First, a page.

Navigation Menu+

Grade 4 – Resources by Grade Level

Posted on May 26, 2015 in Grade 4, Grade Level, Resources, Resources By Concept, Wonder & Question Investigate & Interpret

A Day in the Life of a Healthy Me

Developed by Mia Olson and Kathy Fowler

  • Health Education – USC 4.1 (Perspective: Sharing What It Means to Be Healthy)
  • Physical Education – PE 4.1
  • English Language Arts – CR 4.3, CC 4.1

Guiding question: How do I decide what healthy eating and healthy levels of physical activity look like for me?

During this learning experience, grade four students will deepen their understanding of Canada’s Food Guide, what it means for them personally and why such a guide exist. They will make a meaningful connection between healthy eating and levels of physical activity. In addition, an exploration of Canada’s Guide to Physical Activity will support students in making connections between healthy eating and levels of physical activity, and what it means for them.

Prior to this learning experience, the students will be able to communicate an understanding of Canada’s Food Guide (e.g., Food Groups, foods in groups, numbers of servings) and how it applies in their lives. They will also have prior knowledge of Canada’s Guide to Physical Activity (e.g., guidelines for daily physical activity levels) plus experience in feeling the difference between moderate and vigorous activity.

Teachers: To prepare for this learning experience, access the scenarios related to children eating healthy/unhealthy and being active/inactive (see below). Post three signs (i.e., Healthy, Unhealthy, Depends) on the outside walls of the learning space.

Introduce students to learning activity by posting Scenario #1. Ask students, “Would this be an example of a student who is demonstrating healthy or unhealthy eating/activity level behaviours? Or does it depend?” Ask them to physically move to the sign that represents their answer. Once students have selected answer, engage them in a class discussion/debate about the reason for their choices. Then provide them with the rationale for each scenario, and have them share their answers again. Continue with additional scenarios and further discussion as to personal, family community and cultural factors that can influence choices regarding healthy eating and activity levels. Support the students in concluding that we try to follow Canada’s Food Guide and Canada’s Guide to Physical Activity but also recognize that various factors can influence our ability to do so.

Engage the students in making a plan for how they will gather information and share own story/scenario of what a day of eating and being active looks like for them. Once students have gathered this information, guide them to compare their eating habits and levels of activity to what is recommended in Canada’s Food Guide and Canada’s Guide to Physical Activity. Support them in investigating the personal changes that they need to make to have better nutrition and appropriate amounts of physical activity.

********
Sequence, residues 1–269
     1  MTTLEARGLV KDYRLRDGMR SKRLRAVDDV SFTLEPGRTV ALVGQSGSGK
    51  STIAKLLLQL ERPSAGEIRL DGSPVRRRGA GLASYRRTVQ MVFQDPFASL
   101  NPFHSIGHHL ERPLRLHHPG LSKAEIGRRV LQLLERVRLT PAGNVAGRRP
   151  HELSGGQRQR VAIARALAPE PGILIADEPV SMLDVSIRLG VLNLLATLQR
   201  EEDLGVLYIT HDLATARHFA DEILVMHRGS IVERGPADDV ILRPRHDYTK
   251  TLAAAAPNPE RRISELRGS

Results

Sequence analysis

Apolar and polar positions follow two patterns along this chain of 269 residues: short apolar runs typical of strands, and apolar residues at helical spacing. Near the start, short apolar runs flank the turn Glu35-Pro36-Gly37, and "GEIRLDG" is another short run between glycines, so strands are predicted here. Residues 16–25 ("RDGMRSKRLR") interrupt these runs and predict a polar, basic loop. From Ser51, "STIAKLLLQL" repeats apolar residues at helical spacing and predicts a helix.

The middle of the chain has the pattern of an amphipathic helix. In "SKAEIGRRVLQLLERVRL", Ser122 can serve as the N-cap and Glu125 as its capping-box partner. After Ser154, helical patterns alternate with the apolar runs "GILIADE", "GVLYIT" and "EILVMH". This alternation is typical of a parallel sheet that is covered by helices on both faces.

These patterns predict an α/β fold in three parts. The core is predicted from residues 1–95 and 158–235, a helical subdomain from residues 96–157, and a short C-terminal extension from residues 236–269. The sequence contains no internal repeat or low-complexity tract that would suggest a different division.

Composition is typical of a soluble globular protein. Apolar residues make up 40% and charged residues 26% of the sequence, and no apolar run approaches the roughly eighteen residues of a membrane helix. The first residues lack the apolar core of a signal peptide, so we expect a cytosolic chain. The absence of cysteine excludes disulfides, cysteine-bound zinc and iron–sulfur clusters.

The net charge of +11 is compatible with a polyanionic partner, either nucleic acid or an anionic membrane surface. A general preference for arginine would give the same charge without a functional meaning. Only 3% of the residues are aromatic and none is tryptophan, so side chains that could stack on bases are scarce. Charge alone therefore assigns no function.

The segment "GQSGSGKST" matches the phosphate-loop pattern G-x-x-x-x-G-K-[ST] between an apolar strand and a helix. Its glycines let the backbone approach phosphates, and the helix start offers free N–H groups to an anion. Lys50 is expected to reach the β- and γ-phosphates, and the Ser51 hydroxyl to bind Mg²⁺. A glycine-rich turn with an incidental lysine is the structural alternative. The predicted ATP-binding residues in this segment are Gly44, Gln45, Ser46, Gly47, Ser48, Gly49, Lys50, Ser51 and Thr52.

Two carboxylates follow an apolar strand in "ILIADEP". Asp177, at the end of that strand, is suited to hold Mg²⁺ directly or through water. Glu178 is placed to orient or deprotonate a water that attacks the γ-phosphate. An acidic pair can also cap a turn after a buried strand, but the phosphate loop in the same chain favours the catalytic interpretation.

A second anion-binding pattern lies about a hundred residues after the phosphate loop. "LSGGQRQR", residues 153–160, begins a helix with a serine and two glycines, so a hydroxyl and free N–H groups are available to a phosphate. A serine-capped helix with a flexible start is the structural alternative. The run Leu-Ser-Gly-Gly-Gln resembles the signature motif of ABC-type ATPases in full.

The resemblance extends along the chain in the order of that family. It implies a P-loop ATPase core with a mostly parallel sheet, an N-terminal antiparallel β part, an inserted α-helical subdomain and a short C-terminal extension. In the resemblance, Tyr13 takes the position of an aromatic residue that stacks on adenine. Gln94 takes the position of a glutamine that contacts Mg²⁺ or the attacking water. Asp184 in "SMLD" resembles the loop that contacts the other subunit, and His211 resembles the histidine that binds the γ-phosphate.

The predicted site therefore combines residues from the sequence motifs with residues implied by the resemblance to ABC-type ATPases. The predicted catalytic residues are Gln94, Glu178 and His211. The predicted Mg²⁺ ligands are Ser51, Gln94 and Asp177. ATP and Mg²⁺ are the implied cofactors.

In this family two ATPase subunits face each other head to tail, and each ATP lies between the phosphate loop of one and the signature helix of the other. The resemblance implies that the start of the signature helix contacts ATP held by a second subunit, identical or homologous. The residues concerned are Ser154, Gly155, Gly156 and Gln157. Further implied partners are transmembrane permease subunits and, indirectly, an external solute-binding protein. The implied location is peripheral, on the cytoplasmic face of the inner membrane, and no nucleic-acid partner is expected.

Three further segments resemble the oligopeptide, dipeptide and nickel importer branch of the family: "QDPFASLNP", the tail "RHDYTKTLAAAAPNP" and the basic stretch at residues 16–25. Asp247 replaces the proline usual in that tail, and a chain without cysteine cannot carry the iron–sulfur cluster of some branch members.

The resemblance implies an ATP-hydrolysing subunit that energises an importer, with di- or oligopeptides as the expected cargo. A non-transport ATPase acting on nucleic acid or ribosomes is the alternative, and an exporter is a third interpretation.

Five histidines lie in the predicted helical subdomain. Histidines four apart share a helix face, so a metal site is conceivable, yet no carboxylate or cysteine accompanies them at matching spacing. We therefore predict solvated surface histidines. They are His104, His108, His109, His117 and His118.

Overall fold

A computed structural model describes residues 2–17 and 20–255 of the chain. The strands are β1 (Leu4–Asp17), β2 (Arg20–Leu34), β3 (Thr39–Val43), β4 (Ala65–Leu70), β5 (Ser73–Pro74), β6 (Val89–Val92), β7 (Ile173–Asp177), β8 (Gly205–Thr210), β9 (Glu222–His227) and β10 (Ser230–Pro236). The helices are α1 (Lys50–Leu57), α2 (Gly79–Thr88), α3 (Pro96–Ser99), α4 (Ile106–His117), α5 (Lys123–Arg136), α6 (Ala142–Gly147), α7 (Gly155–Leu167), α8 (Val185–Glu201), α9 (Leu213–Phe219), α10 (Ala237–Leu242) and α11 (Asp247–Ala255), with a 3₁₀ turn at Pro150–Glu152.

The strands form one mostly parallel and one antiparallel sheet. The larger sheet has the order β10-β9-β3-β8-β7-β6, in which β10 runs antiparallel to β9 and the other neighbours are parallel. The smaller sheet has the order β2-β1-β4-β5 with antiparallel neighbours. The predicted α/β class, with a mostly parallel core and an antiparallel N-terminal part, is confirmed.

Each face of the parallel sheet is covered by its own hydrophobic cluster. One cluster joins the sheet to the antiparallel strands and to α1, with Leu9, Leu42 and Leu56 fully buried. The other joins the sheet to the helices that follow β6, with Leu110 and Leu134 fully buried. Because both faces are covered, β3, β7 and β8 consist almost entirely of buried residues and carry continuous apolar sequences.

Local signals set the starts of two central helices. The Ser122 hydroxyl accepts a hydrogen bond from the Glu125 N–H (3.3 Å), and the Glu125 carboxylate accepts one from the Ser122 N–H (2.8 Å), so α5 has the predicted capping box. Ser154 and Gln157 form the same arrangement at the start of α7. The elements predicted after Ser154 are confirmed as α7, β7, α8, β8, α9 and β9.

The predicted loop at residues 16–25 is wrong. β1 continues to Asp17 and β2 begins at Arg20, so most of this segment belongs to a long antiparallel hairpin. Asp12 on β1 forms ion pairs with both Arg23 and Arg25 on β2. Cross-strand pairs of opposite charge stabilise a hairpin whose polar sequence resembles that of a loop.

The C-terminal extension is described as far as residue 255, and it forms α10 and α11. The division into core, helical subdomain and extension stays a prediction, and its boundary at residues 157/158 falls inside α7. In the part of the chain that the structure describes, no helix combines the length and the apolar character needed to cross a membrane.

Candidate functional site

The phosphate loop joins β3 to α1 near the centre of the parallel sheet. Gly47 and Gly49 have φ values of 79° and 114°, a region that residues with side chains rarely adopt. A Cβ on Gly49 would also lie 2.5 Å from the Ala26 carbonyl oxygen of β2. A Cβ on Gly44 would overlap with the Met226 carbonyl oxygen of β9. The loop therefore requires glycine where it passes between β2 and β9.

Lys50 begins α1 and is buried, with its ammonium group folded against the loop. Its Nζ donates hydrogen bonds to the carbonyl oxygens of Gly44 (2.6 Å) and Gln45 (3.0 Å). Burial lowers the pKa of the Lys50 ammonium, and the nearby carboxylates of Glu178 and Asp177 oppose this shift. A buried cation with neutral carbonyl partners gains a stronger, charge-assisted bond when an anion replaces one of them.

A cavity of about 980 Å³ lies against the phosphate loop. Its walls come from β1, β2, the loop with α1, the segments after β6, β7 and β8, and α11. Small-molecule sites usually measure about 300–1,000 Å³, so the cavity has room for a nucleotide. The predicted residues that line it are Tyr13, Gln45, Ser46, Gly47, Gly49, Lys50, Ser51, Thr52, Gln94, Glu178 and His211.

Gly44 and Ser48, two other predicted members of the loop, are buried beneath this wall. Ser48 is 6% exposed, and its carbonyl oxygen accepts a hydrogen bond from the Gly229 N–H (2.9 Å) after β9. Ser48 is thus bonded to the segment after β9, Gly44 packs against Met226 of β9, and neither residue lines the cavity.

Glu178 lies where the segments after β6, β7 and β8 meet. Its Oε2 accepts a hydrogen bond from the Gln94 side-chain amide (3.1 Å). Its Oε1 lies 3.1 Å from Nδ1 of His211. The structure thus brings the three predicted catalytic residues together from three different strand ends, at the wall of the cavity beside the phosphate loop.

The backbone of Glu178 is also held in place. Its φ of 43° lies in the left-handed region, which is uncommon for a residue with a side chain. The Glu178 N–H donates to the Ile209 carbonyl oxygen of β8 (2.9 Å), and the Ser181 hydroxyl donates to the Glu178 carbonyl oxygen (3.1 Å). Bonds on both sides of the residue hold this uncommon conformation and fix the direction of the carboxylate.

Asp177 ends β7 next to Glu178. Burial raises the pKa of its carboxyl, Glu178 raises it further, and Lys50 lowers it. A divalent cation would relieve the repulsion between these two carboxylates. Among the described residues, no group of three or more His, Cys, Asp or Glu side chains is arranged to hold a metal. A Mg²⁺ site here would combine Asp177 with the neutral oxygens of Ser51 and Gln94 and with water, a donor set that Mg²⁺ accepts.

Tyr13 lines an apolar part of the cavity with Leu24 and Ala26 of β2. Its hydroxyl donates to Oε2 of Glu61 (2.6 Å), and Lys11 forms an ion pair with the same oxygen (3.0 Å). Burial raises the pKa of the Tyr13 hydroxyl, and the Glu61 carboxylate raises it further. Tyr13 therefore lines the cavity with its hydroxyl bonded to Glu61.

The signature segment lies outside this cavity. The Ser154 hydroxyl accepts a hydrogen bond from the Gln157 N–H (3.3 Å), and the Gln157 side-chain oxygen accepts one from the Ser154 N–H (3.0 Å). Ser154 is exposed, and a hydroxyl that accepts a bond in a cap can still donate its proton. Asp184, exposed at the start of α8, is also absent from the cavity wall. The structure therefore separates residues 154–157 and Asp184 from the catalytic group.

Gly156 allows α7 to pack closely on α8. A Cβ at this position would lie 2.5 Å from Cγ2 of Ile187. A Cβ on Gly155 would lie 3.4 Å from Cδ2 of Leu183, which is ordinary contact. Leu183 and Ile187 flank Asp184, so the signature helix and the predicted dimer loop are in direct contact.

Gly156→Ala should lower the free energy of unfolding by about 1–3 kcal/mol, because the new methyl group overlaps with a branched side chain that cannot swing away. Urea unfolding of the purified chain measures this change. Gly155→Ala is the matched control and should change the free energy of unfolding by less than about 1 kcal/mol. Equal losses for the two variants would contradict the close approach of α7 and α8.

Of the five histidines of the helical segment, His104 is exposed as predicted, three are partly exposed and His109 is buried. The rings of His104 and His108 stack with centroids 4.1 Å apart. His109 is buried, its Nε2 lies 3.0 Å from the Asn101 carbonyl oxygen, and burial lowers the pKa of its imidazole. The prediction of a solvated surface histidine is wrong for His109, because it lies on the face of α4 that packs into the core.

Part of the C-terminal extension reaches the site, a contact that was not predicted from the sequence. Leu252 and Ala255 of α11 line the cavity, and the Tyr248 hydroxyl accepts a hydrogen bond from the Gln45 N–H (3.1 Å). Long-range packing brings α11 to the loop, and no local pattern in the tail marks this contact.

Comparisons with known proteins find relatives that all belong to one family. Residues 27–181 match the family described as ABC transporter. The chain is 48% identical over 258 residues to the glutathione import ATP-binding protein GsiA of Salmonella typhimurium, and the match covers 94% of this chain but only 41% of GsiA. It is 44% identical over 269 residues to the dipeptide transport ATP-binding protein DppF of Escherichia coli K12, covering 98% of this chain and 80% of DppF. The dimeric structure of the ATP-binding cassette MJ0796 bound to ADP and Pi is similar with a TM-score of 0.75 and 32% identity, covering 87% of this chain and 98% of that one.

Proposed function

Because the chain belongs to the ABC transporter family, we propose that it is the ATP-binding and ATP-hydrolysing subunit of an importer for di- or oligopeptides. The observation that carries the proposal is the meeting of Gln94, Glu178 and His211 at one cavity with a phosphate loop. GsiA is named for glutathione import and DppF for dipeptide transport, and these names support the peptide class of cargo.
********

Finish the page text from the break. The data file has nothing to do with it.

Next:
Assessment Criteria:

  • I can share my understanding of healthy food choices and how much physical activity is a healthy amount for me.
  • I can explain how and why healthy eating and activity choices are not the same for everyone.
  • I can judge whether my eating and activity level habits are healthy based on Canada’s Food Guide, Canada’s Guide to Physical Activity, and my own personal needs and situation.
  • I can suggest changes that I could make so my eating and activity level habits would be healthier.

Resources:

Canada’s Food Guide

Canada’s Guide for Physical Activity

Scenarios:

Scenario #1 – Rowan had eggs and toast for breakfast this morning, and then he went to play a game of hockey. For supper, he ate chicken, broccoli and rice and walked the dog.

There is no rationale for this; Rowan had good choices for both healthy eating and level of participation in physical activity.

 

Scenario #2 – Avery did not eat breakfast and went to play ringette. After she got home, she made some popcorn and played video games.

There is no rationale to this; Avery made poor choice regarding healthy eating but a good choice for participation in physical activity.

 

Scenario #3 -John eats candy or sugary drinks to make him feel better, especially after he has been active.

Rationale: John has diabetes and in order to keep his blood sugar levels stable, he will need to supply his body with sugar.

 

Scenario #4 – Jimmy often eats really large meals, incorporating all food groups. Sometimes he doesn’t follow the recommended serving size, eating way more than his twin brother Art.

Rationale: Jimmy is a hoop dancer, and exudes a lot of energy during his practices and performances. He needs to eat a large amount of food in order to sustain his energy.

 

Scenario #5 – When Tara gets home from school, she watches YouTube videos that teach her new dance moves; she spends her evening learning these moves. She often forgets to eat supper.

Rationale: Tara does not go outside, nor is she involved in community sports because she lives in an unsafe neighbourhood. She forgets to eat supper because she is dependent on herself to make food.

 

Scenario #6– June ate Kraft Dinner and apple sauce for supper. After supper, she enjoyed watching TV with her family until bedtime.

Rationale: June’s family does not have enough money to buy healthy groceries and her parent is very sick. June’s family is picking the healthiest option for them at this time.